The transition to carbon-neutral gas

31st March 2020 | Commercial Energy

The provision of renewable electricity continues to expand to meet demand, with the big six, challenger and boutique suppliers now offering 100% renewable electricity as standard. The next step is to offer 100% green gas, however, provision at scale will take time. The climate can’t wait, so what is the solution?

Consumer demand has never been higher for green products. According to a survey conducted by Unilever in 2018, 33% of customers were motivated by green credentials in the products and services they bought, including in utilities. This number has grown since 2018, with a 2019 study by Futerra suggesting that 88% of people are now looking for brands to provide them with sustainable products and services. Companies are keen to tap into this expanding market potential, and nowhere is this more marked than in utilities.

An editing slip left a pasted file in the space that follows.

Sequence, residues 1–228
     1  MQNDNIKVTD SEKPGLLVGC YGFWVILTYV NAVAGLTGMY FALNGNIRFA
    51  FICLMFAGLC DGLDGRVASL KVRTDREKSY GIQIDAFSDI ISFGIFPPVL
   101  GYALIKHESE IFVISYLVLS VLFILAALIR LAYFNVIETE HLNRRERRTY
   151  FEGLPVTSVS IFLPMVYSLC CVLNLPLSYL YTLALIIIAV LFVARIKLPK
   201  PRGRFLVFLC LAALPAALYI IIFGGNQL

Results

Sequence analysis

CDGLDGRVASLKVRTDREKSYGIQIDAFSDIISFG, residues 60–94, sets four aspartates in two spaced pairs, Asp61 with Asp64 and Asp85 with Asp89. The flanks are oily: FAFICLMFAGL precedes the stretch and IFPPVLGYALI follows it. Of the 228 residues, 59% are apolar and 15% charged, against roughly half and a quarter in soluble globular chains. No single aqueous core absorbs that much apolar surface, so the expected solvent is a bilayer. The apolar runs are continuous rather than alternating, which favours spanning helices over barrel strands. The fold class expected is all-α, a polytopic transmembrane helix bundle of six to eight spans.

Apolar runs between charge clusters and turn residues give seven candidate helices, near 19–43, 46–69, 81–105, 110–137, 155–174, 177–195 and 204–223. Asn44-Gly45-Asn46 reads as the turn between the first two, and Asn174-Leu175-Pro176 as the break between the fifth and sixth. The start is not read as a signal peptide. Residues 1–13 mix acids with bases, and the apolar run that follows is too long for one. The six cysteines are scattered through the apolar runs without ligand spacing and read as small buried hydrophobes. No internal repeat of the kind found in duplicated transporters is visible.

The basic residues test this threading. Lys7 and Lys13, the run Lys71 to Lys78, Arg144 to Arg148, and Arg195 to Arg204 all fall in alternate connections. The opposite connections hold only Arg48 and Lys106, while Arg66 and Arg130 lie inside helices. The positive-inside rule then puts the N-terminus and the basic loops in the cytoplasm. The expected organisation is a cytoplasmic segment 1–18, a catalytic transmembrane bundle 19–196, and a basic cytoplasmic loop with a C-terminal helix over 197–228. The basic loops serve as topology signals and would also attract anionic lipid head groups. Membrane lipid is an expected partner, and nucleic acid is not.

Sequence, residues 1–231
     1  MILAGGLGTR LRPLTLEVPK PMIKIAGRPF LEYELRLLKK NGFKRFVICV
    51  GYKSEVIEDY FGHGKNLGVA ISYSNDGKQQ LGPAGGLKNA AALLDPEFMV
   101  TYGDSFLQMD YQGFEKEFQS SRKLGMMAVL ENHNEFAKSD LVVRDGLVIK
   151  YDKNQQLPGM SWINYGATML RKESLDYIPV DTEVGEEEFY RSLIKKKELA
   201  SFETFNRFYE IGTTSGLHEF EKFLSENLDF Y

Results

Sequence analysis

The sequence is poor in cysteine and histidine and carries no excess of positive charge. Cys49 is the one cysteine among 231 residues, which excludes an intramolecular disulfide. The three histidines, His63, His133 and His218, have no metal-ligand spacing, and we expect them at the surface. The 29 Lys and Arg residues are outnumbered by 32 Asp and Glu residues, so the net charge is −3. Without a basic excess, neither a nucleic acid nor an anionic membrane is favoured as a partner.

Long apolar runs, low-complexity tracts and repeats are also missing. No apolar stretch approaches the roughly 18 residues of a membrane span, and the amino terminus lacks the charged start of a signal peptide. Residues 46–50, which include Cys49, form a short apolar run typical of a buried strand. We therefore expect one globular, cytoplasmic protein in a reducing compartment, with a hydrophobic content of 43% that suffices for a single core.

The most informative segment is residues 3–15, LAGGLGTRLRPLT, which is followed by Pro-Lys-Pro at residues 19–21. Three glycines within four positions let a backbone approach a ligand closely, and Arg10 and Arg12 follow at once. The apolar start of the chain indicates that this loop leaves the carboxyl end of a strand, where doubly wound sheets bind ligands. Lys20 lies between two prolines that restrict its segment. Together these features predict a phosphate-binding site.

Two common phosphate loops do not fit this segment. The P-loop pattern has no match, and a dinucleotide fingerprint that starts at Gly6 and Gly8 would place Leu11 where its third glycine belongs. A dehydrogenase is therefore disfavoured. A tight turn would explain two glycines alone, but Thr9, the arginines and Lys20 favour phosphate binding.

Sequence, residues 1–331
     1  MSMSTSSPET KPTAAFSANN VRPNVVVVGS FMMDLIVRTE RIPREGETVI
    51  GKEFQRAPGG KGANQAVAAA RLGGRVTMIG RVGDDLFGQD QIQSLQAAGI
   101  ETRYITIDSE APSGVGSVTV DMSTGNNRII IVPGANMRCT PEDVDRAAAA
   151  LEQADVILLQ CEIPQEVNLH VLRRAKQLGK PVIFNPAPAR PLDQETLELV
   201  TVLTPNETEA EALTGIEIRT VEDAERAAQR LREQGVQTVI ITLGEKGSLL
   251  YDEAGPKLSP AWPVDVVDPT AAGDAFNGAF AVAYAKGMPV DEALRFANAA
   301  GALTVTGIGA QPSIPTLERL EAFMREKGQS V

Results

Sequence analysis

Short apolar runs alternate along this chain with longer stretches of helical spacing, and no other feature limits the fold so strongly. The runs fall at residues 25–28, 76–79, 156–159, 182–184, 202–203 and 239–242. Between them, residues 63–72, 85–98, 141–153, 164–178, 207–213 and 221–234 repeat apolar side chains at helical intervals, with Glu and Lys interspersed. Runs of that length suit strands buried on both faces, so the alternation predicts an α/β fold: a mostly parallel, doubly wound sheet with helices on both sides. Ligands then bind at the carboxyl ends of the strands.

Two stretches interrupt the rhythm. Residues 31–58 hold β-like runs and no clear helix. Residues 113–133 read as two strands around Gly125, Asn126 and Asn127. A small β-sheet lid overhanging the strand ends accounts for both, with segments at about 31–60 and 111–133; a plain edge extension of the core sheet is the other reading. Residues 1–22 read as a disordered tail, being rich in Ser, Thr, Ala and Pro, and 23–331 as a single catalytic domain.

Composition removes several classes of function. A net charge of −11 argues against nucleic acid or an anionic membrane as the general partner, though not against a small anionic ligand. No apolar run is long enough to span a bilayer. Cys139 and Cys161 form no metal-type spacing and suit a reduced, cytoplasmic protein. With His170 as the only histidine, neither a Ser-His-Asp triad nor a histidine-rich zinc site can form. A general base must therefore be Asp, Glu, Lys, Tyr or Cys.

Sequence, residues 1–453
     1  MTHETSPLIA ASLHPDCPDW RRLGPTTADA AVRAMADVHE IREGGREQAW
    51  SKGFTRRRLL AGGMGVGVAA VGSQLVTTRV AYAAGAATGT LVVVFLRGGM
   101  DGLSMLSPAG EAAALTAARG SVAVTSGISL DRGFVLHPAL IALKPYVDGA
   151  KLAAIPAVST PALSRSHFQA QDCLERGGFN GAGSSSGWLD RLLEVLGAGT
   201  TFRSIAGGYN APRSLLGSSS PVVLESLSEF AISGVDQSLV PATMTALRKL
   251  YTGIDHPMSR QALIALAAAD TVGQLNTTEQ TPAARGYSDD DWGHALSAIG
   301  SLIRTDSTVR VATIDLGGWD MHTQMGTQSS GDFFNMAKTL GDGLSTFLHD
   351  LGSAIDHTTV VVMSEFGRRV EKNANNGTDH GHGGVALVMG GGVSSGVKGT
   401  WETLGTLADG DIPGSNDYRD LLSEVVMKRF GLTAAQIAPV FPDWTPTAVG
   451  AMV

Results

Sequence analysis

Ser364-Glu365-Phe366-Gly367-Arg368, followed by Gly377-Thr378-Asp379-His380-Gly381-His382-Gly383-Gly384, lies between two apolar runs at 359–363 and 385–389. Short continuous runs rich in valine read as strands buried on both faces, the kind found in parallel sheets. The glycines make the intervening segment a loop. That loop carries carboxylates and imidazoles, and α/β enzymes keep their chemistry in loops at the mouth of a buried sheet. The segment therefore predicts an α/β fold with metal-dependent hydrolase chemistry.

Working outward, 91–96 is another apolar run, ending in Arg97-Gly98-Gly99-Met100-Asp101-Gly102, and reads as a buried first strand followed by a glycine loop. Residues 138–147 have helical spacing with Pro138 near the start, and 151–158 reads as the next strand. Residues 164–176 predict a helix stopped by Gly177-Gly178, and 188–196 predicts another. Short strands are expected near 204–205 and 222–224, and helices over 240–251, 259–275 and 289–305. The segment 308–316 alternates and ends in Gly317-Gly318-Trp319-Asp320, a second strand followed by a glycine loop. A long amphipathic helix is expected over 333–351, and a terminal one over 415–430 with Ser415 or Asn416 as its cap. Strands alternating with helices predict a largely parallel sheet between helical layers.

Carbon-neutral gas

Green tariffs, centred around renewable electricity, have become commonplace within the energy sector – either through direct PPAs or through REGOs. In 2019, renewable electricity provides more electricity to UK homes and businesses for the first time, surpassing all other forms of fossil fuel energy generation. Less than ten years ago, fossils represented four-fifths of the UK’s electricity generation. As renewable electricity becomes the norm – organisations are turning their focus to another component of their energy supply: gas.

It is possible to source green gas in the UK. It is produced through biodigesters, which turn available waste into gas for the grid. Whilst this is an attractive option long term, there are barriers to its widespread adoption. Costs per MWh are prohibitively high, and there are significant issues in regards to capacity. In 2017, renewable gases only represented around 7% of renewable gross inland energy consumption in the EU.

There is a vital need to act on climate change now. And there is an interim solution. To provide carbon-neutral gas through carbon offsetting. This is an internationally recognised way to reduce global carbon emissions, and a cost-effective way to tackle your gas emissions whilst the production of biogas scales.

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